Grand Illusions

With Rumsfeld and Powell gone, and Cheney’s power diminished, this is Condoleezza Rice’s moment. Can she salvage America’s standing in the Middle East—and defuse the threat of a nuclear Iran? Behind the curtain in Washington and Jerusalem with the secretary of state
A Special Relationship

After the roundtable, Rice goes back to her suite, where she is joined, in an unreported meeting, by Danny  Ayalon, the Israeli ambassador to Washington under Ariel Sharon, and Dov Weissglas, Sharon’s fixer in chief.

In a weird way, it makes sense that Rice is having dinner with Ayalon and Weissglas, who are as close as she can get to having dinner with the former prime minister. Now in a coma, Sharon was a perverse and anarchic man who would have made sense as a character in one of the secretary’s favorite Dostoyevsky novels. His mythic standing in Israel, and his bold initiative to uproot Israeli settlers from Gaza, protected him from a slew of indictments, as prosecutors sought to expose the ugly realities of the government he ran with his sons and cronies from his beloved Sycamore Ranch. Sharon was accused of accepting loans, bribes, and illegal money from a motley cast of characters, including the South African millionaire Cyril Kern; Martin Schlaf, an Austrian casino magnate; and David Appel, a real-estate developer and amateur Kabbalist who sought to buy a Greek island where he planned to build a 100,000-room hotel.

“The great contribution of Sharon was he united the people in favor of dividing the land with the Palestinians and against the idea of Greater Israel, whose standard-bearer he was for so many years,” Shimon Peres told me of his bitter rival and, more recently, his partner in government. To further his plan to unilaterally withdraw from parts of the Palestinian territories, Sharon replaced police and army officers who disagreed with his strategic assessments with more-pliable officers. He also opened a diplomatic back channel between Weissglas and Rice that would rewrite the rules of the Israeli-American relationship.

At the height of this exchange, in 2003 and 2004, the two advisers talked as often as three or four times a day. In 2003, Rice used the back channel to encourage and help shape Sharon’s plan to withdraw from Gaza, known as the “disengagement plan.” The relationship culminated in an exchange of letters between Bush and Sharon in which Israel agreed to obey the terms of the road map, and the United States promised that the road map would not move forward until the Palestinian Authority renounced terrorism and actively worked to dismantle terrorist organizations. If the two parties did make progress on the road map, the United States committed itself to backing Israel’s desire to retain major settlement blocs in the West Bank and agreed that Palestinian refugees would be resettled in the future state of Palestine, and not in Israel.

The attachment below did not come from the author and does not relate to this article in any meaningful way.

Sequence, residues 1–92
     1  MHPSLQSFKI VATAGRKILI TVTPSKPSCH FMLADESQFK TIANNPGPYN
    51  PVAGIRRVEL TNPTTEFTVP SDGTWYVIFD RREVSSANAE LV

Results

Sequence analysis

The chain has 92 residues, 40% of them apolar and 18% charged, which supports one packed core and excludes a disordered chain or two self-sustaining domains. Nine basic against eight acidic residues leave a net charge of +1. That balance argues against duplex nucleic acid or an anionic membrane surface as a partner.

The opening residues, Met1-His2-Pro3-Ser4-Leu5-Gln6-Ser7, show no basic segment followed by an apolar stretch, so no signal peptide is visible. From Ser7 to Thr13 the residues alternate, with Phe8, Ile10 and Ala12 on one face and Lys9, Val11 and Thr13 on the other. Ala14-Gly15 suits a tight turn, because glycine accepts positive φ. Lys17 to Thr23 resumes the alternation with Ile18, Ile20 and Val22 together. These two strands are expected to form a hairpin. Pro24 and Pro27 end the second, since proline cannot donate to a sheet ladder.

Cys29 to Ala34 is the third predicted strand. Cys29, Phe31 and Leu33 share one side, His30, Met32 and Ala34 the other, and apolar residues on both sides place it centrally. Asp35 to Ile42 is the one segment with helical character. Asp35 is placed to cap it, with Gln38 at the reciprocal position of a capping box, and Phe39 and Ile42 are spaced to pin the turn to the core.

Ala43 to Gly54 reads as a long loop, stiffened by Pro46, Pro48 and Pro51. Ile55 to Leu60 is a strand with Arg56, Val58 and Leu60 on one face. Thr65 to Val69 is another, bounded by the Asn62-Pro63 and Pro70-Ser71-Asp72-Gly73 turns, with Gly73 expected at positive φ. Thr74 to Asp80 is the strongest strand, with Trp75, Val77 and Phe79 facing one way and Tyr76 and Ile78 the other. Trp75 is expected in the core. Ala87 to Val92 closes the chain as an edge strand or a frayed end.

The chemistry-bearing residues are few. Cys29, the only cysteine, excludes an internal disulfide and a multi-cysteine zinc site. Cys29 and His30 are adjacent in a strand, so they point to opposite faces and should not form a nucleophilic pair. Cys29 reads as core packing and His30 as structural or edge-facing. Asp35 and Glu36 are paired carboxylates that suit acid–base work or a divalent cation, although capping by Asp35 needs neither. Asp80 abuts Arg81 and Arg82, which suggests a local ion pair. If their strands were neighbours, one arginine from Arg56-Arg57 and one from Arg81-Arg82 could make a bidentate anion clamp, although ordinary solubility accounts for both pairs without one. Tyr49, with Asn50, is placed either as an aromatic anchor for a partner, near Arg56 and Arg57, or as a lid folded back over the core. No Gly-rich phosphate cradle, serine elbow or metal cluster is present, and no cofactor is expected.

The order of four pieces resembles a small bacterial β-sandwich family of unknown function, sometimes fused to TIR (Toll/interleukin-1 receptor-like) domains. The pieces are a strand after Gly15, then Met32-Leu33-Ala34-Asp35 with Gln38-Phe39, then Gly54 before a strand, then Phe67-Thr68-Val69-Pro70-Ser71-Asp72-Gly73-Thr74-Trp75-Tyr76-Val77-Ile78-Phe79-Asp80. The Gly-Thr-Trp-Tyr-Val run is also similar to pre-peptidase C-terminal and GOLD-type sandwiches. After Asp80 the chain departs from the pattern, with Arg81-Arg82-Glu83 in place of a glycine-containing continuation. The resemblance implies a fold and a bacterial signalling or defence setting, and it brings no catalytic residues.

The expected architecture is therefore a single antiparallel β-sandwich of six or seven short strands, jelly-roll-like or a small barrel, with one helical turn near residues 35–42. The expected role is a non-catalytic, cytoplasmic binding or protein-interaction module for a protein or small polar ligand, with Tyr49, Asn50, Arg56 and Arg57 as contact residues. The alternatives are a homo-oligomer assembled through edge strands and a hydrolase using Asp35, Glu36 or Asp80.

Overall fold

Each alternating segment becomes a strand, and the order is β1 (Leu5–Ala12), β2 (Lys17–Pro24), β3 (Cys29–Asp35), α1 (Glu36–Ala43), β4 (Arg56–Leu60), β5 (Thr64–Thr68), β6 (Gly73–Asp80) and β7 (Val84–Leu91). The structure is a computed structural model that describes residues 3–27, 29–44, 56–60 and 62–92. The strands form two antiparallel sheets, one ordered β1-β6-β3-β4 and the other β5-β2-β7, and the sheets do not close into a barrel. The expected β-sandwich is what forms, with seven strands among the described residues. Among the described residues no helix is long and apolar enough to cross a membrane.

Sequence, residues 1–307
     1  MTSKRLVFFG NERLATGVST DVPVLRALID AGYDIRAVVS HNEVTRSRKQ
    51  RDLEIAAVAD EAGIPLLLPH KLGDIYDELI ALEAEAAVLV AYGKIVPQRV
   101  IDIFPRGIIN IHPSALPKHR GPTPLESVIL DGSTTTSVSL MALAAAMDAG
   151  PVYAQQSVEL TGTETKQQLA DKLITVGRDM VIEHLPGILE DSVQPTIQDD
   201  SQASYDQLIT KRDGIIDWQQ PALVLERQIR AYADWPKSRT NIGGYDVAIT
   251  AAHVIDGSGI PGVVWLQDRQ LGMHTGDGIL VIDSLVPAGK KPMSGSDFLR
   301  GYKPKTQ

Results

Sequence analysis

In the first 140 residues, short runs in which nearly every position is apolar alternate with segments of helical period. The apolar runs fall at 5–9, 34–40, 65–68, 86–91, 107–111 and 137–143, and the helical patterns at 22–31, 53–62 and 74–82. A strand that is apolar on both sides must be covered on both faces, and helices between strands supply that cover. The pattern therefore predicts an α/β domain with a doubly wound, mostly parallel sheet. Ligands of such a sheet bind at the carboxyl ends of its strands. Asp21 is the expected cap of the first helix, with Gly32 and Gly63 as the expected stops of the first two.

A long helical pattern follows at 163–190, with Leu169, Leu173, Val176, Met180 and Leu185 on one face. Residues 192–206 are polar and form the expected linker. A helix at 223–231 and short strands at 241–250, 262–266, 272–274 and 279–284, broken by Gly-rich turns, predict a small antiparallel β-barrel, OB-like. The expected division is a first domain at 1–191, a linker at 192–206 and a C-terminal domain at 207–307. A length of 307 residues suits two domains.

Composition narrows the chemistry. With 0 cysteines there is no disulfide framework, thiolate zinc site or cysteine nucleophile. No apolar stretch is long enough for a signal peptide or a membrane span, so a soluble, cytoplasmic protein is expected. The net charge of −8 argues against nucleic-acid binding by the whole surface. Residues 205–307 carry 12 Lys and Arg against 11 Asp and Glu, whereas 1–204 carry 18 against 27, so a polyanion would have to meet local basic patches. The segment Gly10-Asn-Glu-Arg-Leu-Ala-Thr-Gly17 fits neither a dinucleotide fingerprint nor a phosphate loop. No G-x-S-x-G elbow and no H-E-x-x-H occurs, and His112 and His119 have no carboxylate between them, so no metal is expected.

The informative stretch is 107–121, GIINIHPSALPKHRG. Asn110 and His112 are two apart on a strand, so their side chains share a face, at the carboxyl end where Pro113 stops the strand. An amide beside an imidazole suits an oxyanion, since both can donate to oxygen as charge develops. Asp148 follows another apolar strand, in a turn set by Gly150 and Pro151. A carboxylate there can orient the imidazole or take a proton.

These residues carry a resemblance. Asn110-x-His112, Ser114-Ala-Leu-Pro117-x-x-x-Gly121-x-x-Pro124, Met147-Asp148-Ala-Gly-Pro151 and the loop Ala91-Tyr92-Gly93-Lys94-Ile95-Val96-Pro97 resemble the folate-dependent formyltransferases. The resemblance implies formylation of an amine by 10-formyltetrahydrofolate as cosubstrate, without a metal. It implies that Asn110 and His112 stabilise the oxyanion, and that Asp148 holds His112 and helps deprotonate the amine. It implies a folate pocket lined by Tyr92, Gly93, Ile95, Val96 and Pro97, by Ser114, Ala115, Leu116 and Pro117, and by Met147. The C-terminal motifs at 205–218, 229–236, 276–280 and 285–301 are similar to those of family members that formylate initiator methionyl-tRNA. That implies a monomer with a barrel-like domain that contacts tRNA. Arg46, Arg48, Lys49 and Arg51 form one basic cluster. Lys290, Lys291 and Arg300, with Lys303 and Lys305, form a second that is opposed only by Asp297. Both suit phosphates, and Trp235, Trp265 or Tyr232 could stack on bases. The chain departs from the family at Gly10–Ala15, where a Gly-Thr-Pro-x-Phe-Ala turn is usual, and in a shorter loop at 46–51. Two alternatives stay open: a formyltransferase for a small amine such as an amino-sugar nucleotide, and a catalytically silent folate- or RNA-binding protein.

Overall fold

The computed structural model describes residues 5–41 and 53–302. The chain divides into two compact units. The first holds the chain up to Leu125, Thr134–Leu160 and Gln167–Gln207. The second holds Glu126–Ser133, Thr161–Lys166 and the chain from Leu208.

In a bizarre and boastful interview published on October 8, 2004, in the Israeli newspaper Haaretz, Weissglas revealed that he and Rice had met more than 20 times since May 2002, and that the shortest of these meetings lasted an hour and a half. She called him Dubi, and he called her Condi. “When my conversation with Rice ends,” he explained, “she knows that I walk six steps to Sharon’s desk, and I know that she walks 12 steps to Bush’s desk.”

In the interview, Weissglas came off as an alternately comic and unsettling character, drunk on his own importance and desperate for approval. But the most famous and controversial part came when he described the intent of the letters that he and Rice had drafted for their bosses’ approval. It was Sharon’s view, he explained, that Palestinian terrorism was not the result of specific political grievances but of a deep-seated and eternal Arab hatred of Jews, and that no arrangements for Arab sovereignty over a slice of Palestine would end terror.

From Israel’s perspective, the real purpose of the exchange of letters, and by extension of the entire disengagement plan, could be found in the diplomatic sequence they established: Since Palestinian terrorism would never end, Israel would never be obliged to withdraw from the West Bank. “The disengagement is actually formaldehyde,” Weissglas told Haaretz. “It legitimizes our contention that there is no negotiating with the Palestinians.”

“There will be no timetable to implement the settlers’ nightmare,” Weissglas boasted, “and the rest will not be dealt with until the Palestinians turn into Finns. That is the significance of what we did. The significance is the freezing of the political process. And when you freeze that process you prevent the establishment of a Palestinian state and you prevent a discussion about the refugees, the borders and Jerusalem.”

For Rice, who believes in the primacy of underlying historical circumstances, the exchange of letters was hardly so important. It was simply a ratification of an existing understanding. By putting that understanding in writing, however, she had made it much more difficult to act if and when circumstances changed. With the Saudi king pressing the United States to pressure Israel, Rice found herself bound by handcuffs that she herself had fashioned.

Unlike Weissglas, Ayalon is a calm man not generally given to superlatives. “I believe these letters are no less important than the Balfour Declaration of 1917, which recognized for the first time the birthright of the Jews to their homeland,” he told me. “The Balfour Declaration was the basis for Israel’s future existence as a country. This letter from Bush fixes the borders of the state. Condi’s role was absolutely critical.”

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David Samuels is a regular contributor to The Atlantic.

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